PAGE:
While everyone was distracted by Monday's BIG news on the High Line, SHoP unveiled a three-tower complex on the waterfront in Long Island City, Queens. The tallest tower, at 45-40 Vernon Boulevard, will be 28 stories, with 296 residential units. The three towers will ring the Anable Basin, a human-made inlet off of the East river. The towers will sit ten blocks northeast of SHoP's Hunters Point South, a two-building, 900-unit development with 20,000 square feet of retail, where tenants love Airbnb-ing their taxpayer-subsidized pads. The development is part of a master plan to revive the Anable Basin (also known at the Eleventh Street Basin), site of the former Pepsi-Cola bottling plant, with public waterfront access and a refurbished pier. The towers, real estate blog 6sqft reports, will mostly replace the current building on site, 69,550 square foot Paragon Paint Factory, now defunct. The site, currently zoned for manufacturing, will require a zoning variance to build residential. There will also need to be environmental remediation performed on the land. The tallest, central tower partially cannibalizes the rear of the factory, rising into a decidedly non-industrial 300-foot-tall glass wall. Future residents will have expansive views of Manhattan and the East River. The two smaller towers, at 45-24 Vernon Boulevard and along 45th Road, will be copper clad at the base with angled windows on the upper stories to maximize views of the cityscape. The towers will rise 14 stories and eight stories, respectively. No word yet on the project's groundbreaking or expected completion date.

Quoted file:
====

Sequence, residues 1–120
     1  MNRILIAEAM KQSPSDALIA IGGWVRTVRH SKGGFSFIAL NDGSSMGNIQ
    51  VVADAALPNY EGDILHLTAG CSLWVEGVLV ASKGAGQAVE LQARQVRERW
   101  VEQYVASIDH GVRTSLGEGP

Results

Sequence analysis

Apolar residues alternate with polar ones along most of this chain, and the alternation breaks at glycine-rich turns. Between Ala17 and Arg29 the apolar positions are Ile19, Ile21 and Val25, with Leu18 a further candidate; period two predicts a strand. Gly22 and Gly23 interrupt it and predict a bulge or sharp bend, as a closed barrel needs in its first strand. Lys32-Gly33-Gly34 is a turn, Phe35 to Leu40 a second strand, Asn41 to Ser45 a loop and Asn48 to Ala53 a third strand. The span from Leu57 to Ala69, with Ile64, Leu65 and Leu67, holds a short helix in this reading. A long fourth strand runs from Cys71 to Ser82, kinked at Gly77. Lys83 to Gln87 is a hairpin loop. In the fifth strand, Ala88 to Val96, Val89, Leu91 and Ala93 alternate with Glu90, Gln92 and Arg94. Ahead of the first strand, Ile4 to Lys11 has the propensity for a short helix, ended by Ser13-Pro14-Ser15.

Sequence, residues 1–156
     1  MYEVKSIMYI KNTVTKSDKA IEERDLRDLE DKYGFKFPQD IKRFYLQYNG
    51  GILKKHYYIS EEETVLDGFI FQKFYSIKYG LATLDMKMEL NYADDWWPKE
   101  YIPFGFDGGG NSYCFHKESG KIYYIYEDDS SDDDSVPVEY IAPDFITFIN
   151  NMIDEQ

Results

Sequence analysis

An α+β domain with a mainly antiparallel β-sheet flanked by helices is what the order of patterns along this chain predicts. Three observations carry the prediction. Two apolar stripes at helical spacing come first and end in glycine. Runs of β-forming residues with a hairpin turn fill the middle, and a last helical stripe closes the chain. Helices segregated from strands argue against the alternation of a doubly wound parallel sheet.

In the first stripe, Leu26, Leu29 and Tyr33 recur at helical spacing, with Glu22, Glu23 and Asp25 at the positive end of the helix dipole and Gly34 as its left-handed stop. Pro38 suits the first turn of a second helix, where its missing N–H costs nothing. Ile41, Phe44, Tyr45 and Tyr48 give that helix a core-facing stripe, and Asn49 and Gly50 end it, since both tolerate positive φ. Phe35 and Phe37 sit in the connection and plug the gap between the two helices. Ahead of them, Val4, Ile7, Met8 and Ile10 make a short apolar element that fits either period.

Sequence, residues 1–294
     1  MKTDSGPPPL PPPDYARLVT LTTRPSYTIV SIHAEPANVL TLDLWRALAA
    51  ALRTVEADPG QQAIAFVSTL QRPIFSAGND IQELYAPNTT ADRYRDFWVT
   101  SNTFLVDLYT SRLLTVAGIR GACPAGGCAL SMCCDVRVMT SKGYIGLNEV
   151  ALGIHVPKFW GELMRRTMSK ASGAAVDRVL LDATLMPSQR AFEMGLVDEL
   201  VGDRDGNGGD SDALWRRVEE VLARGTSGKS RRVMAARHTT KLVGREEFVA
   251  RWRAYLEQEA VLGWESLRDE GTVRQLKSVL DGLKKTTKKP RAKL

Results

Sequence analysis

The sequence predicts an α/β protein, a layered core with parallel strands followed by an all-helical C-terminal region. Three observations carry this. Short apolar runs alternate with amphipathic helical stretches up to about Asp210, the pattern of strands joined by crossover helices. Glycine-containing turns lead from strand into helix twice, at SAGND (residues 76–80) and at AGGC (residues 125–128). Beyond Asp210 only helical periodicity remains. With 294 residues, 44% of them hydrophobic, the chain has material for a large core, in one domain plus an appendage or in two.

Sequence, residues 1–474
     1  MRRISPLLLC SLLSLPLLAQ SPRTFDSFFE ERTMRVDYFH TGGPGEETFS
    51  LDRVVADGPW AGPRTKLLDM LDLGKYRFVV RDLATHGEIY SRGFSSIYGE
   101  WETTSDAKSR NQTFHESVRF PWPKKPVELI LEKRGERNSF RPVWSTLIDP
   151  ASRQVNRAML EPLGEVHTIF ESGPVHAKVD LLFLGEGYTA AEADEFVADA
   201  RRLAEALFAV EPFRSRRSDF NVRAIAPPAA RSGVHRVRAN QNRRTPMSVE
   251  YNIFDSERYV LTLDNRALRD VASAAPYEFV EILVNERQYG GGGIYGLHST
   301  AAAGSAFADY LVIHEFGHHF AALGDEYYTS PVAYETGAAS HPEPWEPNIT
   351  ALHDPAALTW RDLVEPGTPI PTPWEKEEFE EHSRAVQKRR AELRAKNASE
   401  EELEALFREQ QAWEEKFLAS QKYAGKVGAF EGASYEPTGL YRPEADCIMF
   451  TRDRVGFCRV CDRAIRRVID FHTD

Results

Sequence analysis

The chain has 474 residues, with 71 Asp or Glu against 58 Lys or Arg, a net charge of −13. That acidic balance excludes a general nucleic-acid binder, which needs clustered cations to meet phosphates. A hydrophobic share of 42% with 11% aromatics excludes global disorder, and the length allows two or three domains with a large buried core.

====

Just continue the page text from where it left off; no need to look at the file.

Posts tagged with "Hunters Point South":